API key

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An application programming interface (API) key is a unique identifier used to authenticate a user, developer, or calling program to an API.[1] However, they are typically used to authenticate a project with the API rather than a human user.[1][2] Different platforms may implement and use API keys in different ways.


The API key often acts as both a unique identifier and a secret token for authentication, and will generally have a set of access rights on the API associated with it.[3]

HTTP APIs[edit]

API keys for HTTP-based APIs can be sent in multiple ways:[4]

In the query string:

POST /something?api_key=abcdef12345 HTTP/1.1

As a request header:

GET /something HTTP/1.1
X-API-Key: abcdef12345

As a cookie:

GET /something HTTP/1.1
Cookie: X-API-KEY=abcdef12345


API keys are generally not considered secure; they are typically accessible to clients, making it easy for someone to steal an API key. Once the key is stolen, it has no expiration, so it may be used indefinitely, unless the project owner revokes or regenerates the key.[2] If an API key is meant to be accessible to the client, it is only considered secure if used together with other security mechanisms such as HTTPS/SSL.[4]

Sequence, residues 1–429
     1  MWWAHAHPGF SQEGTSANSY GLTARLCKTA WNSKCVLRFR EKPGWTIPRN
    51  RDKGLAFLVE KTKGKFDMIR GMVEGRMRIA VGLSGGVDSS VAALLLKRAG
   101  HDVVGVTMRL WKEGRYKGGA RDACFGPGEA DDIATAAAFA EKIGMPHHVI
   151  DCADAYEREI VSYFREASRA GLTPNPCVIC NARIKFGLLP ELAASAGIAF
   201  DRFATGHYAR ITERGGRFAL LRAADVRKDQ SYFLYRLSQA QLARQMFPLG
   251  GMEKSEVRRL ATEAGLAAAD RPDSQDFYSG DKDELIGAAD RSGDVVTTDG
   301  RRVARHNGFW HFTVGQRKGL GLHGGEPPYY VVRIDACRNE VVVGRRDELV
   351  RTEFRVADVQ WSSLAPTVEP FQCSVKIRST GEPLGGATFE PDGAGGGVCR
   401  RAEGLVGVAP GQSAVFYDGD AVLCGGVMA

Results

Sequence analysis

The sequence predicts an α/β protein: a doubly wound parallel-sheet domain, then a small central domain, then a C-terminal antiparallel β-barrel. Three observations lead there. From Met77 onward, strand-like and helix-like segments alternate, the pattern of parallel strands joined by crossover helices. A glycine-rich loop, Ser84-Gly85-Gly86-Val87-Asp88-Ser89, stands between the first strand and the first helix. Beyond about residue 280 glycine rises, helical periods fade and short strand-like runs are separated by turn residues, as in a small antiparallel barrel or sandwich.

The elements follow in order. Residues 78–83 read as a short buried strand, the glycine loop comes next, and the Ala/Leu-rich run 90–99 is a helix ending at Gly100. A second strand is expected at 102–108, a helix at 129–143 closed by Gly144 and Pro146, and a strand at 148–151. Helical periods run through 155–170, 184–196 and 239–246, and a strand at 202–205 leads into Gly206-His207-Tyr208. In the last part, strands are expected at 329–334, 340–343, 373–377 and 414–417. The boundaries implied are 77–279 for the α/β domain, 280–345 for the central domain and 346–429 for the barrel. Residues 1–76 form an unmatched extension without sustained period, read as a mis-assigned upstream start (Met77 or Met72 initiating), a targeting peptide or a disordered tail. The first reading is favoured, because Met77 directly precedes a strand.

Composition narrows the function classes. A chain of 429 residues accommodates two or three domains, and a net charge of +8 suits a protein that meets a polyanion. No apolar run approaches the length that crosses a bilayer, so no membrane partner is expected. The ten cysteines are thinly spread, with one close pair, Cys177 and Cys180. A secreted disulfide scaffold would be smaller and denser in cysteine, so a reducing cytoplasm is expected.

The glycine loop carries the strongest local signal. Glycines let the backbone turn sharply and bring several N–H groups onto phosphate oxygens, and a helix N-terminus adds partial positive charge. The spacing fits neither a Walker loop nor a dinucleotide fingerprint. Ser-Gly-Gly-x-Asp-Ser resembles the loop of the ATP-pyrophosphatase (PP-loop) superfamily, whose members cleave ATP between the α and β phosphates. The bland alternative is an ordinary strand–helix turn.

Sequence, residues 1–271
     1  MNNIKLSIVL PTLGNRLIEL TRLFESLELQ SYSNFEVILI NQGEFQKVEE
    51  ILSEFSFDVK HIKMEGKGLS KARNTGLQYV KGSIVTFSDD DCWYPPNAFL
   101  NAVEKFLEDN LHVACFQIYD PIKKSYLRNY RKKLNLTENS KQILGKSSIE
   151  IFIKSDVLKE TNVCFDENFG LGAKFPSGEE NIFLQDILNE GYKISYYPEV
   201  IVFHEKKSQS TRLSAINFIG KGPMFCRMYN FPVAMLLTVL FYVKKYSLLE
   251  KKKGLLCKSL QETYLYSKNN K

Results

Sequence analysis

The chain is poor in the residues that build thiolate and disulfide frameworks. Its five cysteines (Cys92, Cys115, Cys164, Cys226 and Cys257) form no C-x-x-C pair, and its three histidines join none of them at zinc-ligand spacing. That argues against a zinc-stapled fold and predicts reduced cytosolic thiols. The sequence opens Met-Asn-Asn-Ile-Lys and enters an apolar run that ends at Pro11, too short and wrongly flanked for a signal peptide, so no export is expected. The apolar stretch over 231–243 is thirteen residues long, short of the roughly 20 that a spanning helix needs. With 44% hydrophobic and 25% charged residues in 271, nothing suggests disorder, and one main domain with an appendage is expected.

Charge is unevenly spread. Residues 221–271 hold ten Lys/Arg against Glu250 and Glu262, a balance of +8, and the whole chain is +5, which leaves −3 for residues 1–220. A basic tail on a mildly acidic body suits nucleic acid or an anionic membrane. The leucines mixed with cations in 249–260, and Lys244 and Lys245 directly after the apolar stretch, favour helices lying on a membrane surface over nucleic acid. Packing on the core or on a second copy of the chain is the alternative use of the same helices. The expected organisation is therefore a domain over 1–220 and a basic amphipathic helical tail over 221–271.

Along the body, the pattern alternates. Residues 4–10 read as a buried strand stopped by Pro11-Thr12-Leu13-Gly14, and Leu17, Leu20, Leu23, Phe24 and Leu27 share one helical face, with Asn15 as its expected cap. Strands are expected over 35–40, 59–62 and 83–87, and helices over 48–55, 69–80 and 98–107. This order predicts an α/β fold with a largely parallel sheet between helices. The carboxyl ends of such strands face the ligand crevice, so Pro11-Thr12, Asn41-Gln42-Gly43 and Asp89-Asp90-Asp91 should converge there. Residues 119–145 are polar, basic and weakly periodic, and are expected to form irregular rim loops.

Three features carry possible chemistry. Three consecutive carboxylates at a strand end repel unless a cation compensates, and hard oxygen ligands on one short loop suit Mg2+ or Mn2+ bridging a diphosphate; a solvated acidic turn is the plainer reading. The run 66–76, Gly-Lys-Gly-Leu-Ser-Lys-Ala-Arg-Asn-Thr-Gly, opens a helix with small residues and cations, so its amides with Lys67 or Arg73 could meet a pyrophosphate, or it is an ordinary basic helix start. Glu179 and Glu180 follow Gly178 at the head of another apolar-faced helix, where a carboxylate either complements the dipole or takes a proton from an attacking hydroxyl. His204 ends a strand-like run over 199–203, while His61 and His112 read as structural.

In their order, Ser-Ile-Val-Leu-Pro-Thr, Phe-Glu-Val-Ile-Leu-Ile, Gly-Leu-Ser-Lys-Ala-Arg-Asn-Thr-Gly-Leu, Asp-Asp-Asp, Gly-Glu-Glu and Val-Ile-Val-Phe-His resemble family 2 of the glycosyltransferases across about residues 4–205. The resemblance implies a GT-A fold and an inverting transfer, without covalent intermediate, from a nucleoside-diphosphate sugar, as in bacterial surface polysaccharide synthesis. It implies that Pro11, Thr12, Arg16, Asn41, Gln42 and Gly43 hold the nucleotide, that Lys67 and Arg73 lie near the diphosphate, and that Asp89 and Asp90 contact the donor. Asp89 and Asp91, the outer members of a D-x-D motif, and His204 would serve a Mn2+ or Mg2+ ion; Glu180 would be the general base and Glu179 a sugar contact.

API keys of Android apps were leaked due to having been hardcoded into apps.[5]


  1. ^ a b "API Key - What is an API Key?". Last Call - RapidAPI Blog. Retrieved 2019-09-20.
  2. ^ a b "Why and when to use API keys | Cloud Endpoints with OpenAPI". Google Cloud. Retrieved 2019-09-20.
  3. ^ IBM Application Security on Cloud (Generating API Keys)
  4. ^ a b "API Keys". Archived from the original on 2019-10-17.
  5. ^ "Hundreds of popular Android apps contain hard-coded secret keys". ZDNet. Retrieved 2022-06-20.

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